Fine of €50,000 imposed for filling wildlife lagoon to create gallops for horses

Judge said defendant continued with work in blatant disregard of notifications to stop

The defendant’s barrister told the judge there was no evidence of any adverse effect on the environment as a result of his client’s actions.

A bloodstock trader who admitted putting 45,000 tonnes of construction rubble into a wildlife lagoon to create practice gallops for his horses has been fined €50,000.

John Collins (43), of Brown Island, Ballintubrid West, Carrigtwohill, Co Cork, pleaded guilty at Cork Circuit Criminal Court to disposing of waste in a manner likely to cause environmental pollution at his address on June 3rd 2014.

Nicholas Bond, Waste Enforcement Officer with Cork County Council, had told an earlier court sitting that in January 2014 the council received a report that construction waste was being dumped in a special area of conservation.

He said the council had served a notice on Collins requiring all work to cease and later invited him to meet them so they could hear his side of the story in relation to the filling in of the lagoon.


“He came in with a planning consultant on February 10th 2014 and they said they had agreement with the National Parks and Wildlife to do work strengthening banks,” said Mr Bond.

“The National Parks and Wildlife said they had some agreement for minor bank-strengthening works but that these works far exceeded this agreement. The requirement to cease all activities was still in place,” he added.

Mr Bond said the two-acre lagoon, which flooded with water twice a day and was a special protection area for birds and wildlife, was filled in fully except for a stream about three metres in width.

Mr Collins told Mr Bond that about 14,000 cubic metres of dry building material had been put into the lagoon but Mr Bond estimated it was more than twice that – 31,000 cubic metres, equating to 45,000 tonnes of rubble.

He said that to remove it all would require filling 1,500 to 2,000 truck-loads. “We are very anxious that it would stop, that he would stop working on the site… We got no remediation plan (from the defendant),” Mr Bond said.

On Friday Philip O’Doherty, an engineer for the defendant, said he had visited the site and agreed that approximately 45,000 tonnes of building rubble had been used to fill in the lagoon before it was topped with soil to create a gallops for horses.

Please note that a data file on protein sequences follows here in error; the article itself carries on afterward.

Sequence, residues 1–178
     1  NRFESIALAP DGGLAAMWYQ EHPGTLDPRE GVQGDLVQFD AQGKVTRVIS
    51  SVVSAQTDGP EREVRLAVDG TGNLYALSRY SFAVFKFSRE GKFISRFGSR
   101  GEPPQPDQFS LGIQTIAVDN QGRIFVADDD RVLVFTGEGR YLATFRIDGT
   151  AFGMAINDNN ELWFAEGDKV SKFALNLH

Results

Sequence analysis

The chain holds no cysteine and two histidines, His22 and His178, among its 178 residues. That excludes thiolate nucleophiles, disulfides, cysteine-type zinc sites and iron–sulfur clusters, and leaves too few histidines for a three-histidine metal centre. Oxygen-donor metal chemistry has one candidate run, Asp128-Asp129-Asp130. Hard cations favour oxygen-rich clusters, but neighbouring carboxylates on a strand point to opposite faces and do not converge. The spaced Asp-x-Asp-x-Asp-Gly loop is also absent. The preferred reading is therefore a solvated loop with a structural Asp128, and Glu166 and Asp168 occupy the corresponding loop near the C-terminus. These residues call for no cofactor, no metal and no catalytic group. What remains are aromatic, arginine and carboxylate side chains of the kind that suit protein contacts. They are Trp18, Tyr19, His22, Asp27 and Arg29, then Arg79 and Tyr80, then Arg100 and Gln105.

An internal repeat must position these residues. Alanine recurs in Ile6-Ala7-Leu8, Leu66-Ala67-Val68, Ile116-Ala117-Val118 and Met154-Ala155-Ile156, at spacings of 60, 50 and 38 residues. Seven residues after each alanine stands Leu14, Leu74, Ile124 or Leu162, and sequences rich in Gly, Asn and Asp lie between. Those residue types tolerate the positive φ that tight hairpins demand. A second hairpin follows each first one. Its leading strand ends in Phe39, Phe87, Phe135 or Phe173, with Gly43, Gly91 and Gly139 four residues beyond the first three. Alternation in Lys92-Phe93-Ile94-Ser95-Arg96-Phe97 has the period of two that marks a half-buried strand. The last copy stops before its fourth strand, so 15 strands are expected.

However he said he didn’t believe that the filling in of the lagoon had led to any flooding elsewhere and he pointed out that historic maps showed the surrounding land had all been reclaimed from the sea in the 1880s.

‘Monumental task’

He said he estimated that the land belonging to Collins – which he acquired in 2001 – amounted to approximately 32 per cent of the reclaimed land in the 1880s while the filling of the lagoon amounted to just 7 per cent of the reclaimed land.

Asked about remediating the damage caused by the infilling of the lagoon, Mr O’Doherty said it would “be a monumental task” which would cost €735,000 given it would require removing 1,500 to 2,000 lorry loads of material.

Mr O’Doherty said he didn’t think the area was of any particular significance in terms of wildlife from his observations. It was now an all weather gallops which was marked out with hedging either side.

Defence barrister, Ray Boland said there was no evidence of any adverse effect on the environment as a result of his client's actions and he asked Judge O Donnabhain not to impose a custodial sentence.

The judge the issue that had particularly concerned him was whether the infilling of the lagoon had led to flooding elsewhere but Mr Bond had been unable to tell him where exactly was being flooded.

Mr O’Doherty was now telling the court there was no flooding resulting from the infilling of the lagoon where a stream remained draining down the land and into the sea so that was something he would have to take account of.

Judge O Donnabhain said the defendant had been engaged in the infilling since 2014 and continued with it in blatant disregard of notifications from Cork County Council to cease and he had failed to fully engage with the council.

He had also failed to respond to a council request to set out a schedule of remediation but he was not going to make an order for remediation as he was not satisfied there was any major environmental damage to the area, he said.

In all the circumstances, particularly the fact that the defendant had blatantly continued with the infilling despite notices to stop, he would fine him €50,000 but would allow him 12 months to pay the money.

Barry Roche

Barry Roche

Barry Roche is Southern Correspondent of The Irish Times